Last week was Thanksgiving in this land. This week should be also. And next week. Every week.
While words (“Thank you” and “I really appreciated that”) and acts (reciprocating when someone does something nice for you) of gratitude are known to provide mood boosts (especially for the person expressing gratitude), they must be repeated for the boosts to last. The technical term for this is hygiene. Hygiene is the practice of cleanliness for the purpose of preventing illness—washing hands, brushing teeth, washing hair, and so forth. It is the nature of hygienic activity that it only lasts a little while and must be repeated periodically in order for its effect to continue. You have to brush and floss every day, not just once.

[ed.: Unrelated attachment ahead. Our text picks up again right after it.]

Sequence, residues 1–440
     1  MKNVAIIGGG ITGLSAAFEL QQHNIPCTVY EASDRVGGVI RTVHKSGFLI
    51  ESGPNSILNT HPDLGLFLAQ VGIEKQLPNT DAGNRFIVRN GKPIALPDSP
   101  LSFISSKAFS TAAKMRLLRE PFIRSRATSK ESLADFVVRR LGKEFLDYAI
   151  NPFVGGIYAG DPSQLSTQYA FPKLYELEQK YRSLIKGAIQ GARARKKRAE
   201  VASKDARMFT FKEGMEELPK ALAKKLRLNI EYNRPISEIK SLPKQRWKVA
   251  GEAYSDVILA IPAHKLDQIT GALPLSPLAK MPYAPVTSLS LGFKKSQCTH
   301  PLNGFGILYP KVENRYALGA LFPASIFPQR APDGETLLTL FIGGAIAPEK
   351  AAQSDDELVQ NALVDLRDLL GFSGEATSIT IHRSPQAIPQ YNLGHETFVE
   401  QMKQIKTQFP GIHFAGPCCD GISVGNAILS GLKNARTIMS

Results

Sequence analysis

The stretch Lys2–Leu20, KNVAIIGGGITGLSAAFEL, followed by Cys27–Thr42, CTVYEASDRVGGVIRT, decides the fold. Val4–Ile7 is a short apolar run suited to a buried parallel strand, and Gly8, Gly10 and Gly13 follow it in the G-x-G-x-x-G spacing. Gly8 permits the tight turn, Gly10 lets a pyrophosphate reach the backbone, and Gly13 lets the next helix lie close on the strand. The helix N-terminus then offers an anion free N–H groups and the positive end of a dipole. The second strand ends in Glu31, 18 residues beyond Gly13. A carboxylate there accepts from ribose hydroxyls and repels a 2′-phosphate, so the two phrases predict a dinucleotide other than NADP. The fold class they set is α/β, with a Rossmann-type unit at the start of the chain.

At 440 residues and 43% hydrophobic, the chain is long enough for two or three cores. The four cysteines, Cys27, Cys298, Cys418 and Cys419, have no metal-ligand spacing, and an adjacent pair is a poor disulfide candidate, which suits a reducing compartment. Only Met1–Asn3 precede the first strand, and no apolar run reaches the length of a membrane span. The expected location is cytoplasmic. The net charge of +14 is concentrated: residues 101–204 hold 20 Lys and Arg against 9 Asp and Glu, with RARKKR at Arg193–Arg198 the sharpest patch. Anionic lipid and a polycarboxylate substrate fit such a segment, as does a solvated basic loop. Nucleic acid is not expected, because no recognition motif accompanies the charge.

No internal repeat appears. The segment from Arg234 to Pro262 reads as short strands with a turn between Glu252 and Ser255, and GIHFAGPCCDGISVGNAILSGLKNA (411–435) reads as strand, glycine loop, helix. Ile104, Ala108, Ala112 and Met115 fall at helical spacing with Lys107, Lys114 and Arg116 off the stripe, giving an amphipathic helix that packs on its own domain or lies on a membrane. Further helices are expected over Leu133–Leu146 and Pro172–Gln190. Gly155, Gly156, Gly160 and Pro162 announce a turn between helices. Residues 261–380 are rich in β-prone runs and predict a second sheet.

That is why some say that gratitude has a hygienic effect on mood. To write a thank you note today leaves you with a feel-good glow. But not for long. Tomorrow, you need another act of giving thanks to continue, or rekindle, the glow. Brush your teeth, and give your thanks away daily.
Read more about the hygienic effects of gratitude, and also of altruism/service in general, in the works of University of California, Riverside, psychologist Sonja Lyubomirsky, such as The How of Happiness (2008).